What Just Happened in the States

November 19, 2020

Partisan Control of State Legislatures Remains Largely Unchanged

In November 2020, nearly 6,000 of the nation’s 7,383 state legislative seats were up for election. Come January 2021, the partisan control of state legislatures will look almost identical to how they looked two years prior: of the 98 chambers that have partisan control, 59 are held by Republicans, 37 by Democrats (as of this writing, the Arizona Senate and House remain in flux; Nebraska is a unicameral, nonpartisan chamber).

Though communities of color in Arizona, Nevada, Georgia, Pennsylvania, Wisconsin, and Michigan beat back Donald Trump’s fascism and division federally, gerrymandering and other structural barriers kept their state legislatures relatively unchanged. For example, in Wisconsin, Joe Biden won 49.4% of the vote (as of November 5th), but Republicans retained 61% of all state legislative seats.

Progressive Policy Victories Were Achieved via Ballot Measure

Voters of all political persuasions overwhelmingly support progressive public policy options, mostly through direct democracy in the ballot measure process.

Statehouses Across the Country Will Be More Diverse

The 2020 election produced a diverse new class of progressive electeds in red and blue states alike.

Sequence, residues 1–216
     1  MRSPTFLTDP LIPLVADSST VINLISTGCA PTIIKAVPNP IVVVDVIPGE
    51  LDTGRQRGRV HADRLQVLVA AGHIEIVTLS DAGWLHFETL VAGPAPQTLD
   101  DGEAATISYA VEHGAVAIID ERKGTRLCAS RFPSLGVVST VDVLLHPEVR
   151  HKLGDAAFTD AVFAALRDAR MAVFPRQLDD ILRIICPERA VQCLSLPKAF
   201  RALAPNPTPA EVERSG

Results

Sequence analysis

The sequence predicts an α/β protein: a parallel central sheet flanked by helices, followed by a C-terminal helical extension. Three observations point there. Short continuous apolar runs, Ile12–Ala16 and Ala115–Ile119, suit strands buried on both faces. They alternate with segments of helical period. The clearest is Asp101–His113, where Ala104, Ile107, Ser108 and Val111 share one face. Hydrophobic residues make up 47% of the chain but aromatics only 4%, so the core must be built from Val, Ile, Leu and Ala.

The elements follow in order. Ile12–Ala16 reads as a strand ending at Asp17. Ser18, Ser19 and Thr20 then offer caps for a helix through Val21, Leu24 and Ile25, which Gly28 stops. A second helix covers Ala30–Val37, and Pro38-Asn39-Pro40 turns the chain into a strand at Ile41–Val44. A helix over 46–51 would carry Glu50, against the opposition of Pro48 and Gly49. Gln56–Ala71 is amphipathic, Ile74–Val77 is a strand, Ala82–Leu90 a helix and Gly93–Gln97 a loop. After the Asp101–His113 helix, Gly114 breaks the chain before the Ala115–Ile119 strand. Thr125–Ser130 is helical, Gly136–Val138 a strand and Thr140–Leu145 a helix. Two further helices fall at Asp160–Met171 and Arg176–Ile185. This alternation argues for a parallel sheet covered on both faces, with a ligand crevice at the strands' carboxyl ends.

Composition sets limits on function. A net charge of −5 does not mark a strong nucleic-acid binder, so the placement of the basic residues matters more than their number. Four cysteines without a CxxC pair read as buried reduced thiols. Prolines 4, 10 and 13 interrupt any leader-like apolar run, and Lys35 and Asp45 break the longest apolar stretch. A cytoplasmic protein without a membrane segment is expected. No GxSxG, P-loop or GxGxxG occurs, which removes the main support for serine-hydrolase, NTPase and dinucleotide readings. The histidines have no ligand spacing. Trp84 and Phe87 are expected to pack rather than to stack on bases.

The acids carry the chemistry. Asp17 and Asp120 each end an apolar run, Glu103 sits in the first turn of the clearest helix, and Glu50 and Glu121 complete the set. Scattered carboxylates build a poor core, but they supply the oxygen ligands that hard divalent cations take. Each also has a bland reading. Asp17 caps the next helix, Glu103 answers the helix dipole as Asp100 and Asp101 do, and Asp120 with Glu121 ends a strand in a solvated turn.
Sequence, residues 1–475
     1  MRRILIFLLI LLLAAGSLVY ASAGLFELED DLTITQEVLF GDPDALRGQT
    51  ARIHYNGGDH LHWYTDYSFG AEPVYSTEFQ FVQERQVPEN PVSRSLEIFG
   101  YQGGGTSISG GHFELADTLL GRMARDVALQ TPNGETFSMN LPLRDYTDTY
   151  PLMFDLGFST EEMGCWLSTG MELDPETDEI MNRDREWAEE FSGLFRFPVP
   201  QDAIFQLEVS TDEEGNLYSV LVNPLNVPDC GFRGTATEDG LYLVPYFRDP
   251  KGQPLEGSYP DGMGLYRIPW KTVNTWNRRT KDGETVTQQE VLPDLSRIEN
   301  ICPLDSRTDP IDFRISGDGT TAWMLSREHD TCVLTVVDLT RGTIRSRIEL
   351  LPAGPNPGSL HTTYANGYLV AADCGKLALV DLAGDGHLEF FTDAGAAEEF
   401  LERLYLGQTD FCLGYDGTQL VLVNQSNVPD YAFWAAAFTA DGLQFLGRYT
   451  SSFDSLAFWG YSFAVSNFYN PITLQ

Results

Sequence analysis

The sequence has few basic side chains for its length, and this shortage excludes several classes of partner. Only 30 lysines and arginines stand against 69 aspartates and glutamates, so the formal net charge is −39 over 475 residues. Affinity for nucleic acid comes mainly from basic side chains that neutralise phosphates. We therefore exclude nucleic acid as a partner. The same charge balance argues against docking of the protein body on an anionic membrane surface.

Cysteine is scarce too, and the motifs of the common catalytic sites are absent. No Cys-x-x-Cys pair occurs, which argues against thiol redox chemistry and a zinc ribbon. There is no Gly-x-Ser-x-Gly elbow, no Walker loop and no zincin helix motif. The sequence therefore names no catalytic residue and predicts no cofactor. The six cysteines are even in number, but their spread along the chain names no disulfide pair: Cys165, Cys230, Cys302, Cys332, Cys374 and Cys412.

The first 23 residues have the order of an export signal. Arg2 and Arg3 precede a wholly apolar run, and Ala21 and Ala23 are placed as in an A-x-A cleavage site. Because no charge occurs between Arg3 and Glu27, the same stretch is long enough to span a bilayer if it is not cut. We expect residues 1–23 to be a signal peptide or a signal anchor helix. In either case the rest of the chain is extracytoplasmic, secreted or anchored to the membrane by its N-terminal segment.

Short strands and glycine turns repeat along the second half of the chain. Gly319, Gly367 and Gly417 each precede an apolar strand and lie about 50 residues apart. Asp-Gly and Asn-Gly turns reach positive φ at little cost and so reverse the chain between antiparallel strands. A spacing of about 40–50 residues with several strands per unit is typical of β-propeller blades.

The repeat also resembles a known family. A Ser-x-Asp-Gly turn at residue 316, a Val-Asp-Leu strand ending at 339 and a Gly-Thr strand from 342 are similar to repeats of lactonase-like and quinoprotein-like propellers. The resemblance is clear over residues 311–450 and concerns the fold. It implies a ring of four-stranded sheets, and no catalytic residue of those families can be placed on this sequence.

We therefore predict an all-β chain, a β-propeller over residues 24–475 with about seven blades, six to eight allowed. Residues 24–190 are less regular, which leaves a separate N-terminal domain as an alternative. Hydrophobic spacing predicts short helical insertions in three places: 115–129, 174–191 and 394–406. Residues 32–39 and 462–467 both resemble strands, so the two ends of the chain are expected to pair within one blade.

• Several LGBTQIA “firsts” were celebrated throughout the country: In Delaware, Sarah McBride became the first transgender person elected to a state Senate. Two other Democrats became the first openly transgender people to win seats in their states’ Houses: Taylor Small in Vermont and Stephanie Byers in Kansas. Tenessee elected its first openly gay and openly bisexual legislators, Eddie Mannis and Torrey Harris, respectively.
  • In Washington state, the number of Black women legislators tripled from the previous year.

The pipeline of public leadership is starting to look more like America— but we still have far to go. We can never achieve justice if our decision-makers are older, whiter, and more affluent than the people they represent; only 29% of state legislators who hold office are women and 78% are white.

In many states, legislators are part-time, paid very little (if at all,) and required to drop everything to be fully available for their legislative sessions. This has led to state legislatures being disproportionately composed of retirees, independently wealthy people, and those whose educational and career privileges allow them to hit pause on their careers for up to several months per year without repercussions.

What Comes Next

The most immediate challenge facing all state legislatures next year will be swelling budget deficits due to the pandemic and the recession. At the same time, state legislators face an extreme risk across the progressive movement—that all hopes are laid at the feet of the new President without an acknowledgment that state legislatures have significant power to shape the political terrain for generations to come.

We know that bold champions can make a difference in every legislative context — majorities, minorities, and split governance states — and our champions need resources and support to create transformative change. SiX is designed precisely for this work.

The road ahead isn’t easy, but the work to transform this country is a long arc. We stand on the shoulders of our ancestors and are so grateful to be in this generational struggle.

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